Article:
Work Recently Funded by National Cancer Institute
In the 1990s, scientists at FAU’s Harbor Branch Oceanographic Institute isolated the compound, lasonolide A, from a marine sponge and found that it was extremely active against cancer cells including lung cancer, leukemia and pancreatic cancer. Later work conducted at the National Cancer Institute (NCI) showed that lasonolide A was also potently active against melanoma and glioblastoma. Lasonolide A kills cancer cells in a unique way that may provide new opportunities for treating cancer. One challenge to clinical development of lasonolide is how to produce large quantities of the compound when the supply of the sponge it is derived from is limited. The NCI recently awarded a grant that will allow researchers at FAU Harbor Branch to recreate lasonolide A in a laboratory flask using the genes that nature uses to make the compound.
FAU Harbor Branch assistant research professor Guojun Wang, Ph.D., is the principal investigator on the project along with research professor and co-investigator Shirley Pomponi, Ph.D. The pair were recently awarded a multi-year grant of more than $380,000 from NCI to identify which genes nature uses to make lasonolide A and then to use these genes to produce the material in the laboratory. If successful, this work will provide the foundation for developing a sustainable method to supply a “biosynthetic” form of the compound for use in clinical trials and future treatments in different types of cancer.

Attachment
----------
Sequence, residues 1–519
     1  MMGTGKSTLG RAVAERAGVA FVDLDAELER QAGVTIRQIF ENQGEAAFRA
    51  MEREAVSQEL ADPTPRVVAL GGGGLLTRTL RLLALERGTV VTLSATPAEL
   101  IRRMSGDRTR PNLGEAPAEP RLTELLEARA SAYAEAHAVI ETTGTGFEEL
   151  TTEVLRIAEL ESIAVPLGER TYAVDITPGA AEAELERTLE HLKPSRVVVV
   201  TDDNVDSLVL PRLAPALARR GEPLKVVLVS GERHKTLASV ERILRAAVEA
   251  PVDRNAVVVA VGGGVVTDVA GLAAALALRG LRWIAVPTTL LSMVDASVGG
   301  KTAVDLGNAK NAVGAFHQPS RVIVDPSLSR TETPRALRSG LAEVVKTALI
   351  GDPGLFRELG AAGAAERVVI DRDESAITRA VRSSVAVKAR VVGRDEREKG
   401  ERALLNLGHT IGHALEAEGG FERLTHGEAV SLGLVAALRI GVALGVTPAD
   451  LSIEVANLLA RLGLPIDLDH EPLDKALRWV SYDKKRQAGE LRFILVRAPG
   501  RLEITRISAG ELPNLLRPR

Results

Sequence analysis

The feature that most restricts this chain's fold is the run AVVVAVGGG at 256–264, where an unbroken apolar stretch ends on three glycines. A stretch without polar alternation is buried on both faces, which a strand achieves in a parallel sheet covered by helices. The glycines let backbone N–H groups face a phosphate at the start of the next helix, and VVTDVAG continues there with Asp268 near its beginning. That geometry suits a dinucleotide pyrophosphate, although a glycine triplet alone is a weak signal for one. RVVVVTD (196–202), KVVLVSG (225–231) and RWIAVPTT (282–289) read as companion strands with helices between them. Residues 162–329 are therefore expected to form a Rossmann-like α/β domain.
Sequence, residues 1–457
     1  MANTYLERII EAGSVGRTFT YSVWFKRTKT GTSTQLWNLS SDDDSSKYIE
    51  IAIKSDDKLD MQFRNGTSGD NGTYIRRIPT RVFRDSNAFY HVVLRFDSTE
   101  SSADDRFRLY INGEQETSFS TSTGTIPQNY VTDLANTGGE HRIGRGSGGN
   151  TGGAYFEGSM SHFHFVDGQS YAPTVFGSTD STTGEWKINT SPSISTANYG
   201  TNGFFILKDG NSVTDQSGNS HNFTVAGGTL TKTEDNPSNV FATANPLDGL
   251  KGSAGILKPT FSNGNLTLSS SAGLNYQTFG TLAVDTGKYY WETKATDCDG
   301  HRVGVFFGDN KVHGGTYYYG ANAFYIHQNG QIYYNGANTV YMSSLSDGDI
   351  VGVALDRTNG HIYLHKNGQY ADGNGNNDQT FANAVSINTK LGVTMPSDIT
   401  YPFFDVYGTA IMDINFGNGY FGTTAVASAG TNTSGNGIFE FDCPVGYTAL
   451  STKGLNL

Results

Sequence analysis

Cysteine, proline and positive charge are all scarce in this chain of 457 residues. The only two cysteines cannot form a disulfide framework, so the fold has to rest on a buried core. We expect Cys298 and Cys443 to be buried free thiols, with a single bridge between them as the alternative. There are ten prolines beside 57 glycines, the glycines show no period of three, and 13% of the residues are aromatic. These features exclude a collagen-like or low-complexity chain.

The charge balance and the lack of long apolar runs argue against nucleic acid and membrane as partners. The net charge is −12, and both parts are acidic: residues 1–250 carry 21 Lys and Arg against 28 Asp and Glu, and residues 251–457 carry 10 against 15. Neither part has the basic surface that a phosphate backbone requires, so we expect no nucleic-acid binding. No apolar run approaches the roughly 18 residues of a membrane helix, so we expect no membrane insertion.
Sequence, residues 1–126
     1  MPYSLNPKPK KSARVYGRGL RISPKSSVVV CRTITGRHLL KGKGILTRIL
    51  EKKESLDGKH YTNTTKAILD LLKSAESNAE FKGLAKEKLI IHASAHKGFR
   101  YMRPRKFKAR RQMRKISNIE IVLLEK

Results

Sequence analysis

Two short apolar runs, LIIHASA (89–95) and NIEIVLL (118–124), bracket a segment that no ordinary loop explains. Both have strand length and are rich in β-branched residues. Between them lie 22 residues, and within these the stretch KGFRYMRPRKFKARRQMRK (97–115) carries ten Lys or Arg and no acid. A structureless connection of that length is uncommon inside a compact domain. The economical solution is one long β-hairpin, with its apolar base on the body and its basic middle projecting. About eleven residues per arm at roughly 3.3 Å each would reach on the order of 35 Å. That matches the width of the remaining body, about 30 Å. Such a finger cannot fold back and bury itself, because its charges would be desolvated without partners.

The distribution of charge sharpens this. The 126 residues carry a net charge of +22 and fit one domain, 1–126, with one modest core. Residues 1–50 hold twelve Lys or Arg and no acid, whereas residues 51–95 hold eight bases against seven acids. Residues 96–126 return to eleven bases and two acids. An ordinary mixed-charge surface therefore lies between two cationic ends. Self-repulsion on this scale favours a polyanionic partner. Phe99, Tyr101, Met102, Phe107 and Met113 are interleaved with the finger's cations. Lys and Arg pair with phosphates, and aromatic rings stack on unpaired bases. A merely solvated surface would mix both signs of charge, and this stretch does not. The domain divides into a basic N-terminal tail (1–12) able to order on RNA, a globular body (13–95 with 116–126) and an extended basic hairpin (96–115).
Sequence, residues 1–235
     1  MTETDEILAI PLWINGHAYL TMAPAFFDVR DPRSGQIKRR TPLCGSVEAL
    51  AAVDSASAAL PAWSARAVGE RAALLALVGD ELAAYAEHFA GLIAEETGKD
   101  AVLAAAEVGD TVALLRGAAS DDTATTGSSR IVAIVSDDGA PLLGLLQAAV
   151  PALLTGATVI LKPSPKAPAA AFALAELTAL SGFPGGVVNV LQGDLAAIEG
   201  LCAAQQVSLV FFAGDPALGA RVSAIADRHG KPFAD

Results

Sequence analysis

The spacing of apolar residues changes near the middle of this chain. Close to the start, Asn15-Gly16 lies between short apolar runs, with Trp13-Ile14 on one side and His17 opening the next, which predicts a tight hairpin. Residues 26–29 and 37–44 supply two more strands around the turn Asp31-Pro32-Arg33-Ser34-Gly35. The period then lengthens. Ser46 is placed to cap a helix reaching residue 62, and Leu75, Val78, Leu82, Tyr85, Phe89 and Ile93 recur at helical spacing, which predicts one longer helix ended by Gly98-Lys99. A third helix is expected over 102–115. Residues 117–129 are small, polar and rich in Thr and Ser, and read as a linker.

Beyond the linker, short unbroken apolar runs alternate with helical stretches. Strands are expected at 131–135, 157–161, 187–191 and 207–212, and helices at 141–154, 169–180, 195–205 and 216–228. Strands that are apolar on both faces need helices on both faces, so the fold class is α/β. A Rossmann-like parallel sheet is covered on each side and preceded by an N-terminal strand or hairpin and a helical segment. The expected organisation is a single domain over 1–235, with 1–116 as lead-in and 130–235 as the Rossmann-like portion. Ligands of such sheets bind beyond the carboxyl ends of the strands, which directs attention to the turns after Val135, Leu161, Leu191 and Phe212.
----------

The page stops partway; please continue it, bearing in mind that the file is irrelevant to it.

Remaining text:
“Bioactive compounds are genetically encoded in nature,” said Wang. “Finding genes, or ‘genetic codes,’ is the key to understanding how nature makes these compounds, and for humans to make better use of them.”
Cancer.org reports that melanoma is by far the most common of all cancers, and lung cancer is the second most common type in men and women. Pancreatic cancer is the fourth leading cause of cancer death in the U.S., and leukemia is the fifth. Lasonolide A shows the ability to fight all of those types, therefore, being able to unlock the genetic codes and produce a biosynthetic version of the compound could potentially have far-reaching impacts on the future of cancer treatment.